The U.S. First Navy Jack flag or the Snake on Stripes flag was first used by the Continental Navy during the American Revolution.
Did you know that one of the first American flags featured a rattlesnake with the slogan "Dont Tread on Me?" emblazoned underneath the snake? It was known as the Gadsden flag in honor of the creator of the flag, U.S. General Christopher Gadsden. Gadsden designed the flag in 1775 during the American Revolution.
A second flag flown by the U.S. Navy also features the motto Dont Tread On Me with a rattlesnake. It is called the U.S. First Navy Jack flag or the Snake on Stripes flag. It is said to have been used by the Continental Navy from October 13, 1775 through December 31, 1776 during the American Revolution. In 1975, in preparation for the 1976 Bicentennial celebrations, officers with the Secretary of the Navy ordered the search for an image that would exude power for the navy and the First Navy Jack flag was chosen. The secretary ordered all commissioned ships to fly the flag in place of the Union Jack flag.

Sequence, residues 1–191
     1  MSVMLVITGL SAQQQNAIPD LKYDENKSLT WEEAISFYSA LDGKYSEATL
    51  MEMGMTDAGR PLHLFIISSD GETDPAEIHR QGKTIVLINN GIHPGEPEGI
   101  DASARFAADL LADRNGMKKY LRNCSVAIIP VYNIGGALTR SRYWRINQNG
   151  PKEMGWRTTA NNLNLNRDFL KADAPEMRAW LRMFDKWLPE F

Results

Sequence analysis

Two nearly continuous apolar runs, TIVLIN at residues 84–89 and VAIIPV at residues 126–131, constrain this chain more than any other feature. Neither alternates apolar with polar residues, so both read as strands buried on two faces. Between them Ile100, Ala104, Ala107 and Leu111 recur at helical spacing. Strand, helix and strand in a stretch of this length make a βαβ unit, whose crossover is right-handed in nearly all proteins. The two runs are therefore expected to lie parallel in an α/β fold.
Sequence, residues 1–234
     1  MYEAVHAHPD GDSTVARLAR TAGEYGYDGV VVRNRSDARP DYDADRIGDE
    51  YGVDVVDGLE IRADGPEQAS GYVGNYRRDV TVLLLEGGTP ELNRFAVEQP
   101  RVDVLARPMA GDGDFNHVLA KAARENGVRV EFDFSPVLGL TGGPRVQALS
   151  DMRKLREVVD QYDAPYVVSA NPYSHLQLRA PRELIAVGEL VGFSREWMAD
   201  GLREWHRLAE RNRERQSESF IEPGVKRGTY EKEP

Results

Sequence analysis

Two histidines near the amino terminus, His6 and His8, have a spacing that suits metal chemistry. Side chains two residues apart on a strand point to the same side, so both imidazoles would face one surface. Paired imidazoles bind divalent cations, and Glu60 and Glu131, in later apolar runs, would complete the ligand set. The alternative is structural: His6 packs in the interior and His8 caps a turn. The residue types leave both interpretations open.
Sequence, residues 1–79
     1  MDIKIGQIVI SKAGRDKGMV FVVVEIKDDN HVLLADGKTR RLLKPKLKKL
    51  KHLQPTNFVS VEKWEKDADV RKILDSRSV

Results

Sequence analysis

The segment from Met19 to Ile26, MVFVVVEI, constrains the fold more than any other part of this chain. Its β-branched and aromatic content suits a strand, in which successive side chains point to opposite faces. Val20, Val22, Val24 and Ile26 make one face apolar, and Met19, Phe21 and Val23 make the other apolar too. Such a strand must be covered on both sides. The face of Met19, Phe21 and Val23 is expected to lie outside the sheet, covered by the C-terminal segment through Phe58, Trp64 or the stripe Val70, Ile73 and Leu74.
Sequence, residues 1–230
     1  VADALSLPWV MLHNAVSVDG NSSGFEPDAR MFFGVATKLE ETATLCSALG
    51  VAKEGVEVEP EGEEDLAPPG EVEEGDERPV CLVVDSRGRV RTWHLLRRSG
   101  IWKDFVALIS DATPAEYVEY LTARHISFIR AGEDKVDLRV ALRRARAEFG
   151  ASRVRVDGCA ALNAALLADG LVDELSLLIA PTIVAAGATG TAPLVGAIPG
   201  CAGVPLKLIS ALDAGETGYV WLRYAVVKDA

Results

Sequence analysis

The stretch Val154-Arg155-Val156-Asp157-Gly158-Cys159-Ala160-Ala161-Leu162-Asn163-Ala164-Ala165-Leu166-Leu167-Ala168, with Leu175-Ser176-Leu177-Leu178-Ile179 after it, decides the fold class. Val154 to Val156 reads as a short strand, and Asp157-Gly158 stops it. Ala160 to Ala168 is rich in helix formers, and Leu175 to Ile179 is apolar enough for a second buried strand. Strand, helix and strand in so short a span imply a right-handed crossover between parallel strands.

Naval historical center
The rattlesnake is superimposed across 13 alternating red and white stripes. Dont Tread On Me is without an apostrophe.
A tradition was born in 1977 in which a ship on active status with the longest period of active service was instructed to fly the First Navy Jack flag until it was decommissioned. The flag was then passed onto the next ship with the longest active status. The USS Denver (LPD-9), an Austin-class amphibious transport dock is currently flying the flag. That ship launched January 23, 1965.